* Oil falls more than $1 on crude stock build
* Copper slides nearly 6 pct, gold loses 1 pct
* U.S. grains lower, Argentina outlook brightens
By Sue Thomas
LONDON, Jan 29 (Reuters) - Oil and metals prices fell on Thursday as fears about falling demand, particularly from China, and rising physical stocks dampened optimism arising from recent winning streaks.
Grains also eased, as rains brightened the outlook for key exporter Argentina, which is suffering its worst drought in 48 years.
Oil fell more than $1 towards $41 a barrel after data showing a further build in crude stocks in the United States piled on more evidence of falling demand for oil from the world's largest fuel consumer. [O/R]
U.S. crude CLc1 fell $1.09 a barrel to $41.07 by 1246 GMT, while London Brent crude LCOc1 lost 31 cents to $44.59.
But prices got some support from remarks by OPEC Secretary General Abdullah al-Badri at the World Economic Forum in Switzerland that OPEC would not hesitate to act again if the oil price remains low. [ID:nWLA6191]
OPEC's output cuts since the second half of 2008, in reaction to the fall of more than $100 in oil prices since July, have also helped to put a floor under prices.
Copper MCU3 fell nearly 6 percent to $3,139 a tonne MCU3 after data showed London Metal Exchange stocks rose by the biggest daily amount since August 2004 to the highest since November 2003. [MET/L]
The metal used in power and construction and a key gauge of economic activity was trading at $3,198 a tonne at 1040 GMT on the LME compared with $3,330 at the close on Wednesday.
Comments by China's Premier Wen Jiabao at the World Economic Forum that the country's economy had been hit hard by the global financial crisis intensified fears about demand. [ID:nLS373881] China is the world's largest consumer of copper. "Many people were secretly hoping that China would pull the rest of the world out of this current situation. China is saying that's not possible," said David Wilson, analyst at Societe Generale.
Gold prices gave up another 1 percent on Thursday, extending the losses of the two previous sessions, as a firmer dollar curbed buying of the precious metal as a currency hedge. [GOL/]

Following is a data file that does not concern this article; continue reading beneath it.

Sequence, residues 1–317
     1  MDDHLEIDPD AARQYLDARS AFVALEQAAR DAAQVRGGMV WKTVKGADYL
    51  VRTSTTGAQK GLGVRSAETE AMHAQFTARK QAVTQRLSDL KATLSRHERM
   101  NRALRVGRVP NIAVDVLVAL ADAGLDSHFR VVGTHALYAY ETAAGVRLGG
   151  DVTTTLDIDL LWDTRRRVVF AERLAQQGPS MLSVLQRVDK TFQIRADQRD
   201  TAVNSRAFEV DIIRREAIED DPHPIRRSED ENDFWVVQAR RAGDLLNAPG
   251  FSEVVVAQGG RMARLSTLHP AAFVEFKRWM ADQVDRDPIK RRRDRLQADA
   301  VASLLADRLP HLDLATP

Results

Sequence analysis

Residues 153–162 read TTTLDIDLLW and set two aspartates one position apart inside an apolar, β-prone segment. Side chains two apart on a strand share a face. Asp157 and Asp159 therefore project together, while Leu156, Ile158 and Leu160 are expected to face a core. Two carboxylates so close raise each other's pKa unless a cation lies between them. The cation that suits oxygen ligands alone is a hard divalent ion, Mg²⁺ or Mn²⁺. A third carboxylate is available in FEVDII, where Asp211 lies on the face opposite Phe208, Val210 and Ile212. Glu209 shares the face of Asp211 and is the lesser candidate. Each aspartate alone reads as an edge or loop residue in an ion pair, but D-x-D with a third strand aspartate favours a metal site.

It also lost its edge due to waning interest in bullion as a haven from risk and a resurgence of demand worries after Indian gold imports plunged 90 percent in January.
Spot gold XAU= slid to $878.10/880.10 an ounce at 1021 GMT from $885.60 in New York late on Wednesday. The precious metal has fallen 4 percent from the more than three-month high of $915.30 it hit on Monday.
"After a pretty impressive run last week we saw profit taking when gold failed to break through $920 an ounce," Commerzbank senior trader Michael Kempinski said. "After the rally in stock markets, people are thinking twice about taking in more gold at these higher levels."
The dollar climbed overnight as investors took heart from U.S. Congress' headway on a $825 billion stimulus package. [ID:nSP417718] European shares fell, after gains earlier this week, dragged down by commodity and banking stocks. [.EU]
U.S. grain futures edged lower as the market awaited further weather updates from Argentina. [GRA/] Thunderstorms brought rain to some parts of Argentina on Wednesday with further storms forecast in areas including the key crop region of Cordoba.
Chicago Board of Trade corn for March delivery CH9 was down 1.63 percent at $3.78-1/4 per bushel by 1212 GMT, while March soybeans dropped 0.71 percent to $9.76 per bushel. Wheat for March delivery lost 1.47 percent to $5.86-1/4 per bushel.
In Europe, milling wheat futures eased in line with CBOT futures.
In a rare bright spot for commodities, cocoa prices in London set a new 24-year peak while arabica coffee looked to consolidate after its recent climb to the highest levels in nearly four months as a Reuters poll saw prices up this year.
Arabica coffee prices are forecast to rise 20 percent by the end of 2009, while robusta may jump 18 percent, spurred by a drop in global output and tighter stocks, a Reuters poll showed. [ID:nSP229639]
But raw sugar futures eased as producer selling pulled prices back from a four-month high set earlier this week and India deferred a cabinet decision on whether to cut or eliminate import duty. (Reporting by Pratima Desai, Jan Harvey, Michael Taylor and Joe Brock in London, Valeria Parent in Paris and Bruce Hextall in Sydney; Editing by Peter Blackburn)